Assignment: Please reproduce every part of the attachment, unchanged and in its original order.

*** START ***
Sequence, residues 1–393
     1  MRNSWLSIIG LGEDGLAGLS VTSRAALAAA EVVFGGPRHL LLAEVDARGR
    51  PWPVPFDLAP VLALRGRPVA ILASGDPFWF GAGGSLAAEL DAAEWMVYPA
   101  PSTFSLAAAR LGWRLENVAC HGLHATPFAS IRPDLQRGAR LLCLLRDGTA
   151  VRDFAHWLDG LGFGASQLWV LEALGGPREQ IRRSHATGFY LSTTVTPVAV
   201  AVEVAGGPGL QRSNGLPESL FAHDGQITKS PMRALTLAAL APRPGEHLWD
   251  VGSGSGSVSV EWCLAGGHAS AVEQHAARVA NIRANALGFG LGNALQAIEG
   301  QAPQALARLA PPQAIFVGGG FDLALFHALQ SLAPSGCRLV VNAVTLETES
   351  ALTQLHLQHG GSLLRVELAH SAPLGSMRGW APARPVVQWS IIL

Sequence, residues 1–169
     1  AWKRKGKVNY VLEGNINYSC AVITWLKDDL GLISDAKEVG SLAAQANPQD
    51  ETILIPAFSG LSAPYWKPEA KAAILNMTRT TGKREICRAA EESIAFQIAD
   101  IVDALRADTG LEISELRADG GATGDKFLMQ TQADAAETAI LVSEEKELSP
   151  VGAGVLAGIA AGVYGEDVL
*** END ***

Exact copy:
Sequence, residues 1–393
     1  MRNSWLSIIG LGEDGLAGLS VTSRAALAAA EVVFGGPRHL LLAEVDARGR
    51  PWPVPFDLAP VLALRGRPVA ILASGDPFWF GAGGSLAAEL DAAEWMVYPA
   101  PSTFSLAAAR LGWRLENVAC HGLHATPFAS IRPDLQRGAR LLCLLRDGTA
   151  VRDFAHWLDG LGFGASQLWV LEALGGPREQ IRRSHATGFY LSTTVTPVAV
   201  AVEVAGGPGL QRSNGLPESL FAHDGQITKS PMRALTLAAL APRPGEHLWD
   251  VGSGSGSVSV EWCLAGGHAS AVEQHAARVA NIRANALGFG LGNALQAIEG
   301  QAPQALARLA PPQAIFVGGG FDLALFHALQ SLAPSGCRLV VNAVTLETES
   351  ALTQLHLQHG GSLLRVELAH SAPLGSMRGW APARPVVQWS IIL

Sequence, residues 1–169
     1  AWKRKGKVNY VLEGNINYSC AVITWLKDDL GLISDAKEVG SLAAQANPQD
    51  ETILIPAFSG LSAPYWKPEA KAAILNMTRT TGKREICRAA EESIAFQIAD
   101  IVDALRADTG LEISELRADG GATGDKFLMQ TQADAAETAI LVSEEKELSP
   151  VGAGVLAGIA AGVYGEDVL